So take a load of pirate cliches, throw in the same dimension-hopping twist as ‘The Stones of Blood’ (albeit not seen since 1978), lightly blend the deranged hologram from ‘The Lodger’ and the monomaniac healing of ‘The Doctor Dances’, and cap it off with the hugely manipulative resuscitation scene from the Abyss (only minus the semblance of a rationale). I think the word I’m looking for is “unoriginal”. It might be “meh”.
Since there are no surprises here, the episode lives and dies on how well executed it is. Unfortunately it’s a very lukewarm effort.
Pirates are a modern pop-culture icon, but writer Steve Thompson doesn’t seem to know what to do with them. He has the good sense to know that all the normal pirate cliches are too unrealistic to portray seriously, but barring a couple of “yo ho ho” style gags from the Doctor that removes most of the point of doing a pirate episode. You’re left with a ‘grubby thieves on a ship’ episode, which is a very different proposition. This uneasy compromise also besets the scenes of Amy swashbuckling, which feel simultaneously unrealistic for the character but not outlandish enough to be exciting.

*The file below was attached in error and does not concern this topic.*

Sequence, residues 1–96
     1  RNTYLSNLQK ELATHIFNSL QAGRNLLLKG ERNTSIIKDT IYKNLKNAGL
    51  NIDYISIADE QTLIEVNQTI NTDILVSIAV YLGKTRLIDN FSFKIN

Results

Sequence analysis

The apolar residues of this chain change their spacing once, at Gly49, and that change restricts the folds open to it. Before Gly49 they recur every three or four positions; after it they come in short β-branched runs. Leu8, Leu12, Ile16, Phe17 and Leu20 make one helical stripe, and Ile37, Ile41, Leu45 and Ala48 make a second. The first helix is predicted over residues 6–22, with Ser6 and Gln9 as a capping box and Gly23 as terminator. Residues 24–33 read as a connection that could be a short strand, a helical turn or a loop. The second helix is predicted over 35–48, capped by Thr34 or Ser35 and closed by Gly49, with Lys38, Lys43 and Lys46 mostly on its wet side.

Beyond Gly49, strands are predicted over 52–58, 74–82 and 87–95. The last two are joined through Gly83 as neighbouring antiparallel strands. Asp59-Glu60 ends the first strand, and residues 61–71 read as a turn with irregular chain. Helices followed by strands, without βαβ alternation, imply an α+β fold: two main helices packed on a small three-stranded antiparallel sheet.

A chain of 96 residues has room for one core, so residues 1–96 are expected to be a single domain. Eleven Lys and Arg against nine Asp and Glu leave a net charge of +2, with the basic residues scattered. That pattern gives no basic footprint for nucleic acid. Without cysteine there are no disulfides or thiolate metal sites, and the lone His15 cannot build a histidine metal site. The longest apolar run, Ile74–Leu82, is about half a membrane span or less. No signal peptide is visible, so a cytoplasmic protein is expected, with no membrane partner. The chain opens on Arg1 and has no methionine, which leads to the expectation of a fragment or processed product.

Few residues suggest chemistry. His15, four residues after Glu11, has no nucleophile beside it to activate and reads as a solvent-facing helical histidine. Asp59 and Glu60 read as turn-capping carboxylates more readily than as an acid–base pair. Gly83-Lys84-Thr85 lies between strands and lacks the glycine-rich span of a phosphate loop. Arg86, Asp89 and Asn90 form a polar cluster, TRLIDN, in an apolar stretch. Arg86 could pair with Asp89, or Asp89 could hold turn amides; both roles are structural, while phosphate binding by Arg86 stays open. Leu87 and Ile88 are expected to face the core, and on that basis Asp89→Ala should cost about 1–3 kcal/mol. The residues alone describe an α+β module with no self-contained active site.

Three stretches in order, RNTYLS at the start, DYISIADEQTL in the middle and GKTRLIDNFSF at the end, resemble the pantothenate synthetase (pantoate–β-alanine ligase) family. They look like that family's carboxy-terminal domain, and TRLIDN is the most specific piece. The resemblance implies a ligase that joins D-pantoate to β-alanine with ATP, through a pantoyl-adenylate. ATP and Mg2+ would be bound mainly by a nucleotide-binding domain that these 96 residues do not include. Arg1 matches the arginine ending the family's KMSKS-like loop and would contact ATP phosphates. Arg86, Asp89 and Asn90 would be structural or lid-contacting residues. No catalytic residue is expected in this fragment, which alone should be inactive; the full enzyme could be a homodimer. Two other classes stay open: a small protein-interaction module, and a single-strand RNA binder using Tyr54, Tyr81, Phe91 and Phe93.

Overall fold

The curse/siren is potentially more fruitful, but within this action-romp context it emerges up as a pale shadow of the kind of thrills Who can actually deliver. The worldbuilding doesn’t feel real, and Matt Smith in full on hand-waving Frank Spencer mode doesn’t do much to sell it.
There are other problems: setting up the idea that the siren can use any reflection is fine but opens up any number of plot holes (why only break a mirror – what about all the pieces?) and the siren appears to miss any number of opportunities to ‘get’ the crew. Plus Rory feels ridiculously easy to keep away from the siren while everyone watches other crewmembers stroll to their doom. Hugh Bonneville gives a likeable performance but his character is strangly sanguine about multi-dimensional spaceships and ridiculously adept at flying a spaceship. Add all of this up and it never quite rings true.
That’s not to say that there aren’t charming moments, funny lines, or that the sight of Amy and the Doctor in three cornered hats isn’t pleasing. But it’s not enough. There was the potential here for a more full-on comedy, or a claustrophobic period thrill ride like ‘The Horror of Fang Rock’, but in trying to be both it ends up as neither. I’m a fan of the way Doctor Who blends genres and shifts tone from scene to scene, but this grab bag of half-hearted cliches demonstrates the weakness of trying to be all things in one story. Or maybe it just does it poorly.